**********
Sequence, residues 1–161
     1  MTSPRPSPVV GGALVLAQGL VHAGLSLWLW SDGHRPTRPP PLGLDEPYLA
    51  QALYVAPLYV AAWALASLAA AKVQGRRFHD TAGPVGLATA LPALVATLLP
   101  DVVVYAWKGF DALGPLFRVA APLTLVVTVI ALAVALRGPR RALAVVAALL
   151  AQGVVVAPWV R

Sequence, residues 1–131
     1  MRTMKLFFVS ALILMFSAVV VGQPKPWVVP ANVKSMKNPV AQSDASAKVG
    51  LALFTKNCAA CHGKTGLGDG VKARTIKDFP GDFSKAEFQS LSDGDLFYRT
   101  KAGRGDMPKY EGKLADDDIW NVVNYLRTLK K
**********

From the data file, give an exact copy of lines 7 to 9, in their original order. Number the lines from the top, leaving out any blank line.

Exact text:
     1  MRTMKLFFVS ALILMFSAVV VGQPKPWVVP ANVKSMKNPV AQSDASAKVG
    51  LALFTKNCAA CHGKTGLGDG VKARTIKDFP GDFSKAEFQS LSDGDLFYRT
   101  KAGRGDMPKY EGKLADDDIW NVVNYLRTLK K